Since I initially wrote this post, I found another way of solving the Safari / Chrome ASP.NET menu issue.
First, determine whether the user agent string contains "AppleWebKit". If so, set the Page.ClientTarget property to "uplevel".
protected void Page_PreInit(object sender, EventArgs e)
if (Request.UserAgent != null && Request.UserAgent.IndexOf("AppleWebKit", StringComparer.CurrentCultureIgnoreCase) > -1)
this.ClientTarget = "uplevel";
NOTE: I have found from personal experience that the Request.UserAgent property in some cases might not be set. It is best practice to ensure that the user agent string is not null before calling the string's IndexOf method, otherwise, the code will throw a null reference exception.
Typically, you will not want to handle this event on every page that you have the ASP.NET menu, unless you have a tiny website.
Set the pageBaseType in the Web.config file to a class that inherits from System.Web.UI.Page and contains the above code.
is another blog post on the menu problem.
Primarily, I develop external facing commercial Web sites. In this setting, I cannot dictate which Web browser will be used by the masses, so I have to proactively ensure that the layout and functionality remain either the same or gracefully degraded.
This can be a challenge when Internet Explorer 5/6/7, Mozilla Firefox, Apple Safari, and Opera Web browsers might adhere to differing standards.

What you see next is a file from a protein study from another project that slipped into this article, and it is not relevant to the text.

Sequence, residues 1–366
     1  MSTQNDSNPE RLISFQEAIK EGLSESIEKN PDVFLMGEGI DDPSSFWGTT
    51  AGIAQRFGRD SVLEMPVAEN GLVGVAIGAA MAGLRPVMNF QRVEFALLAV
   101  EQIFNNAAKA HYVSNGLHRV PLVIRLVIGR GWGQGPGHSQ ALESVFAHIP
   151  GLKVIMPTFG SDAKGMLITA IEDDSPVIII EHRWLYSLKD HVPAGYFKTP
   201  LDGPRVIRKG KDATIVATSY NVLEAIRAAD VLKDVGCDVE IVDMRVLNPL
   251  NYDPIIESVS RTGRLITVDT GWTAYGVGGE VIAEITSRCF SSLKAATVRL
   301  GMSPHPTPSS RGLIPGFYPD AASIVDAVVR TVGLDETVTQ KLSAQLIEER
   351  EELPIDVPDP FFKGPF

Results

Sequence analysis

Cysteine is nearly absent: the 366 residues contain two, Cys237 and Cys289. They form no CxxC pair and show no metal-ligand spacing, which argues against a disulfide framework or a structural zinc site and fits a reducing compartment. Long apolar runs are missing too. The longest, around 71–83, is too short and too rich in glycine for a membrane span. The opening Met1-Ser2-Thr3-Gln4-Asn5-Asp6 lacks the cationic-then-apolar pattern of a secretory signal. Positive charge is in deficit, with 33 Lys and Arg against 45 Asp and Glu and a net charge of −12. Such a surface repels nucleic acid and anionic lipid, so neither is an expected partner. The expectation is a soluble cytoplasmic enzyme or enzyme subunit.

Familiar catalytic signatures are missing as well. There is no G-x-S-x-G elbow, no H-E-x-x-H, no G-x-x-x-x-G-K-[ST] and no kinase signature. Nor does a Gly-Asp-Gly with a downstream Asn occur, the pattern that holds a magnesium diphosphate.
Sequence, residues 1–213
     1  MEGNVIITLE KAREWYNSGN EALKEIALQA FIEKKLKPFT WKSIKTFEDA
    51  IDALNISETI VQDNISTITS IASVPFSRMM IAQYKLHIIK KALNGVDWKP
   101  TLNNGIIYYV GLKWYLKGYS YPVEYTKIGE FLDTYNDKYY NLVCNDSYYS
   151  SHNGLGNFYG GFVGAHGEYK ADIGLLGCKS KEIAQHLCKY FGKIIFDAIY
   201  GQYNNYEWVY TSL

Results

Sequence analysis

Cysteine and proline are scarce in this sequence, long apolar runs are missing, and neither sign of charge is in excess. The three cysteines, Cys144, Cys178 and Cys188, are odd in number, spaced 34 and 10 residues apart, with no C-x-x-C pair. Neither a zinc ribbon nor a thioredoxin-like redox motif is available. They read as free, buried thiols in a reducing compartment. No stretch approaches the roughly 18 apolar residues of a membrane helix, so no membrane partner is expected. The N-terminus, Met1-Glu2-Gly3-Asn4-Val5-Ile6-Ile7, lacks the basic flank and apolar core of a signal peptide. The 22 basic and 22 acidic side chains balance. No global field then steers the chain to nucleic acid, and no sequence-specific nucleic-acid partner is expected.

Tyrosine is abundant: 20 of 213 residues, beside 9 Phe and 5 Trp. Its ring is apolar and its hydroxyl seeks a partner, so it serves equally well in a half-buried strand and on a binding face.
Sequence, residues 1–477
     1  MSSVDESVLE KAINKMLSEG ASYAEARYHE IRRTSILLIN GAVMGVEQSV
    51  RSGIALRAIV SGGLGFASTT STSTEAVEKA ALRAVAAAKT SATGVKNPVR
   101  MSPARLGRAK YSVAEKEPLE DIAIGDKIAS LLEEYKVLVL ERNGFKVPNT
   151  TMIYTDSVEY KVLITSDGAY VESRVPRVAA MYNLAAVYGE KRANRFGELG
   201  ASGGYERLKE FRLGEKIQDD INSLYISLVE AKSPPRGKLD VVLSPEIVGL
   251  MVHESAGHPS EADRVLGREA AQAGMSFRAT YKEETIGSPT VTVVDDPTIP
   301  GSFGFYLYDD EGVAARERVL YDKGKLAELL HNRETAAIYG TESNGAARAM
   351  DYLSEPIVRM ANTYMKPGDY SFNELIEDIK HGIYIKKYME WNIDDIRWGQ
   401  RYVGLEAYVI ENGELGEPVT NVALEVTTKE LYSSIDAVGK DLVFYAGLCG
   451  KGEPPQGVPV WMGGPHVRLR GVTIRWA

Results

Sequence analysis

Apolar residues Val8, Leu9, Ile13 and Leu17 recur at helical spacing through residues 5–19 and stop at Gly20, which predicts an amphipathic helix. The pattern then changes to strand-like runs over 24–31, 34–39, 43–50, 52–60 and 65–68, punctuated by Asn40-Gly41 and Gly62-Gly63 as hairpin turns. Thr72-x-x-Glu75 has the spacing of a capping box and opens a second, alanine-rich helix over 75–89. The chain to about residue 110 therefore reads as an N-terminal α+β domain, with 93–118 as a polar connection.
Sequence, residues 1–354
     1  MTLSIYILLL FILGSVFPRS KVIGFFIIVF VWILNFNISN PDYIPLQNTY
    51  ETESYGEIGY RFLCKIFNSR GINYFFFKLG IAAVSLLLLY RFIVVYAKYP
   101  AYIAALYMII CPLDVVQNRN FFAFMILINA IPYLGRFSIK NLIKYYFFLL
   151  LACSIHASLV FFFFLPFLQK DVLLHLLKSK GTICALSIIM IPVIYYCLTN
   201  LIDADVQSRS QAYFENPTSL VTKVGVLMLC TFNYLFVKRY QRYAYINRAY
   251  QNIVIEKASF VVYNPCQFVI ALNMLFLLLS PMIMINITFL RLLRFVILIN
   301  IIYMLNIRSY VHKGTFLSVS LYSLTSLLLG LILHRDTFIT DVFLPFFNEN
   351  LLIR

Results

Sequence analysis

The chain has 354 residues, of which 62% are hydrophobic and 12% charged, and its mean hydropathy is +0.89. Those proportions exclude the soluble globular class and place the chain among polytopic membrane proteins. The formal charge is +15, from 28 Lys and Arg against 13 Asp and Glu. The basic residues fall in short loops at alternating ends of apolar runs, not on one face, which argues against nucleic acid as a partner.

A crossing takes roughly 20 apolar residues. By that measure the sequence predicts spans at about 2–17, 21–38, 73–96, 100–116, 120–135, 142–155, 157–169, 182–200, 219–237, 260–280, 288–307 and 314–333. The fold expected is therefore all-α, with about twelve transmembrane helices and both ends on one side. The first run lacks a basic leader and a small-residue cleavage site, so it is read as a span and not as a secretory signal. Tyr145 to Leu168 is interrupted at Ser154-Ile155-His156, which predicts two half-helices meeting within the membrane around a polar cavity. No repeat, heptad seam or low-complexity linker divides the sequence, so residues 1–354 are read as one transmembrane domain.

I found an article that describes a situation with the Apple Safari browser wherein ASP.NET renders the ASP.NET Menu control in a downgraded (not gracefully either) state. I have seen this issue a couple of times in the past several years and I thought it was worth mentioning.
I will not go into much detail here, but in brief, in the %SystemRoot%\Microsoft.NET\Framework\v2.0.50727\CONFIG\Browsers\mozilla.browser file, remove the Menu adapter reference from the Safari configuration, save the file, and then run the aspnet_regbrowsers.exe -i tool. Running that tool parses and compiles all system-wide browser definitions into an assembly and installs the assembly into the GAC.
Typically, if only administering a single Web site, the preferable approach would be to create an App_Browsers folder in the root of the Web site and create a .browser file in that folder. Add the appropriate browser overrides in the file and you are good to go. No need to run an external tool. The browser configuration is dynamically compiled when the application starts. This is the only approach if the Web site is in a hosted environment.
In some future post, I would like to dive into a discussion of what are the major headaches that developers face when attacking browser compatibility issues and how to elegantly circumvent the browsers' woes.
What are the three or four issues that you find most irritating when developing for various browsers?
Hope this helps!
The long awaited release of the .NET Framework Library source code for debugging purposes has arrived.
Scott Guthrie announced it here. Scott Hanselman and Peter Bromberg blogged about it here and here.
One of my mentors, John Robbins from Wintellect, has a great blog about this subject.
I am really excited about this and I look forward to taking advantage of this in the near future.
Hope this helps!